Coinsecure has become the latest in a long line of cryptocurrency exchanges which has lost investor funds to attack -- but in this case, it appears to be an inside job.
The Indian cryptocurrency exchange has accused Dr. Amitabh Saxena, the firm's Chief Strategy Officer (CSO), of being involved in the loss of 438 Bitcoins (BTC), worth roughly $3.3 million at the time of writing.
According to a complaint filed with local law enforcement in New Delhi by Coinsecure CEO Mohit Kalra and posted on the firm's website, Saxena allegedly was the only one -- aside from the CEO -- to hold the keys to the Coinsecure main wallet.
During the extraction of Bitcoin Gold (BTG) and private keys for customer trading, Saxena allegedly claimed that 438 Bitcoins were "lost" through the process.
Kalra is not convinced.
According to the police complaint, Saxena told the CEO on the 9th of April that the funds had been lost "due to some attack."
"As the private keys are kept with Dr. Amitabh Saxena, we feel that he is making a false story to divert our attention and he might have a role to play in this entire incident," the complaint reads. "The incident [...] does not seem convincing to us."
Coinsecure has emphasized that "our system itself has never been compromised or hacked."
At the time of writing, Coinsecure's services are unavailable.
"We are working around the clock to restore services and to try to recover all of the lost funds, and we shall keep all our users posted on the outcome of the details to ensure utmost transparency," the company says. "We are hoping that as users of Coinsecure, you will stand by us in this hour of need by providing us with your help and support as we diligently work to ensure that all of our customers' funds are recovered and to leave no stone unturned.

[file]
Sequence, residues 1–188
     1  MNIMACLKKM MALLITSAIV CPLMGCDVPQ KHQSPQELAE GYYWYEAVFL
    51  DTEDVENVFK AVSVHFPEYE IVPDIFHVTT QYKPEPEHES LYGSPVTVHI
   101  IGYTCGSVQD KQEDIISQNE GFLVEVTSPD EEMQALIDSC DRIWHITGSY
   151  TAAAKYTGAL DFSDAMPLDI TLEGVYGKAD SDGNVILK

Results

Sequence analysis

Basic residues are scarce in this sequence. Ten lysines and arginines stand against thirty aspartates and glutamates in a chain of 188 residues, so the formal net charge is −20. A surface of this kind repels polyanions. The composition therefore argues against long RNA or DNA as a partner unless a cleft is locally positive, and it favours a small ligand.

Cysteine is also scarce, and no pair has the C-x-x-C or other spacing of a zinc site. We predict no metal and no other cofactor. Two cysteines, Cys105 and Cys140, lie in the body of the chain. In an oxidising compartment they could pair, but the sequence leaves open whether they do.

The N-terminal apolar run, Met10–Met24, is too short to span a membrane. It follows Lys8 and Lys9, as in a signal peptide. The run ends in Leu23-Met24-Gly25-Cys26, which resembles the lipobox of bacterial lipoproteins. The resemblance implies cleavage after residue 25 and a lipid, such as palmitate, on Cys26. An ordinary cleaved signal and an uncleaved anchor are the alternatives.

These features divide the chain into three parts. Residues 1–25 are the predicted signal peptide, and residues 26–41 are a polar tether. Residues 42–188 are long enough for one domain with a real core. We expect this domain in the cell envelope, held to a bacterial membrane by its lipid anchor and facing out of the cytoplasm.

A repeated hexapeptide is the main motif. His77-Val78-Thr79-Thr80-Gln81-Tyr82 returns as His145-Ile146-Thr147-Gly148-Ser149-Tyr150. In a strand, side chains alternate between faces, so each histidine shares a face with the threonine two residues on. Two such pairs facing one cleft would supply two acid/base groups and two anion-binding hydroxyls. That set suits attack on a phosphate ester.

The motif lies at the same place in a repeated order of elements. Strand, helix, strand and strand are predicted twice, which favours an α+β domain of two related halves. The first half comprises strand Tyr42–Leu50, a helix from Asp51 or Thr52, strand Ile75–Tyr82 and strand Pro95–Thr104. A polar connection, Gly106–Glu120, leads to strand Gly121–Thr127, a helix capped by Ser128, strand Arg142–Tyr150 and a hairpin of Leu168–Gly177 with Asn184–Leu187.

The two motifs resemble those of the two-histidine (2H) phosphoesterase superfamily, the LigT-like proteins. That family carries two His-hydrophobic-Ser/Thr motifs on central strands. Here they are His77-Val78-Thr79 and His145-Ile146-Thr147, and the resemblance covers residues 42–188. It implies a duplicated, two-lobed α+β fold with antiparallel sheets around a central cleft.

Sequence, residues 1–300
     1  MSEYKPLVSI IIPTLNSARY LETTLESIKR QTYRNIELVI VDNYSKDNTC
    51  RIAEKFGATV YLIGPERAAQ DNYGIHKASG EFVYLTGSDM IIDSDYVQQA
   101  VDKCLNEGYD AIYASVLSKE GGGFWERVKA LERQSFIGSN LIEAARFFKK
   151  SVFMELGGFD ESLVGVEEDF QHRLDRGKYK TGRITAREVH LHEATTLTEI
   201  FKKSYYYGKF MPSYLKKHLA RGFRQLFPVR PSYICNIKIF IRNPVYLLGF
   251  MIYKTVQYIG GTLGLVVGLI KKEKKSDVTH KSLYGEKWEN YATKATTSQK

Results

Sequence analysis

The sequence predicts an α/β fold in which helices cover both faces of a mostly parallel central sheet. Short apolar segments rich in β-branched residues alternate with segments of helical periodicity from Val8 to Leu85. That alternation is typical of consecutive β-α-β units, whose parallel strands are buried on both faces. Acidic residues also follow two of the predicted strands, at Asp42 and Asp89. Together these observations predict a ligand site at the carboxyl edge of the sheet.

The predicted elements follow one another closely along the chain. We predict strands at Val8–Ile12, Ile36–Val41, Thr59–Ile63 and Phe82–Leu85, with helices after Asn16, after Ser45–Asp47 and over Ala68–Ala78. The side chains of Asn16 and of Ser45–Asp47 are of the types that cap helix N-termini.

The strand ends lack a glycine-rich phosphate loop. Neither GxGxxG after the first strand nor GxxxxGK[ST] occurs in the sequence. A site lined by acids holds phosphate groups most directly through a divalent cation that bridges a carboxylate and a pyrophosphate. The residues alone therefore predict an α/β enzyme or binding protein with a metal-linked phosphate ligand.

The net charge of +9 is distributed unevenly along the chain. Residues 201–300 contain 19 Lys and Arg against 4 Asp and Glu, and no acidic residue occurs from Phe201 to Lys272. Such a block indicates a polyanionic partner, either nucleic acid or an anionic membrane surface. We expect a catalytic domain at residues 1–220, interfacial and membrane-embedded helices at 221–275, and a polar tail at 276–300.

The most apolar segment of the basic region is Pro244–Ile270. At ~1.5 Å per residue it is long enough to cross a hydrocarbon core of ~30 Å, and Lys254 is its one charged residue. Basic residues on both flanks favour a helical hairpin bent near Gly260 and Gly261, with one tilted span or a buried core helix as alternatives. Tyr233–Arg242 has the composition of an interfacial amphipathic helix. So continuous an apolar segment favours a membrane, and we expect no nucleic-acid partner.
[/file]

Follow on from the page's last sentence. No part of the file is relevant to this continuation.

Coincheck has promised that irrespective of the allegedly stolen funds being recovered, users will be reimbursed by the company.
The company has also requested that Saxena's passport is seized as he may be a flight risk and that local law enforcement investigates the matter as soon as possible.
See also: The risky business of bitcoin: High-profile cryptocurrency catastrophes of 2017
According to The Times of India, Delhi Police's Cyber Cell has confirmed the registration of the complaint.
Security staff at Coinsecure investigating the loss of investor funds discovered that the private keys of the wallet were leaked online, and all data logs relating to affected wallets had been erased.
Coinsecure servers have reportedly been seized to ascertain the extent of the theft.
The last time that a high-profile theft at a cryptocurrency exchange pointed towards an inside job was the case of Mt. Gox.
The former CEO of the major cryptocurrency post, Mark Karpeles, was accused of embezzlement after the exchange collapsed in 2014, taking millions of dollars in investor funds with it.
Mt. Gox filed for bankruptcy in Japan and, in an interesting turn of events, Karpeles may end up walking away with over a billion dollars due to asset sales once the process is complete.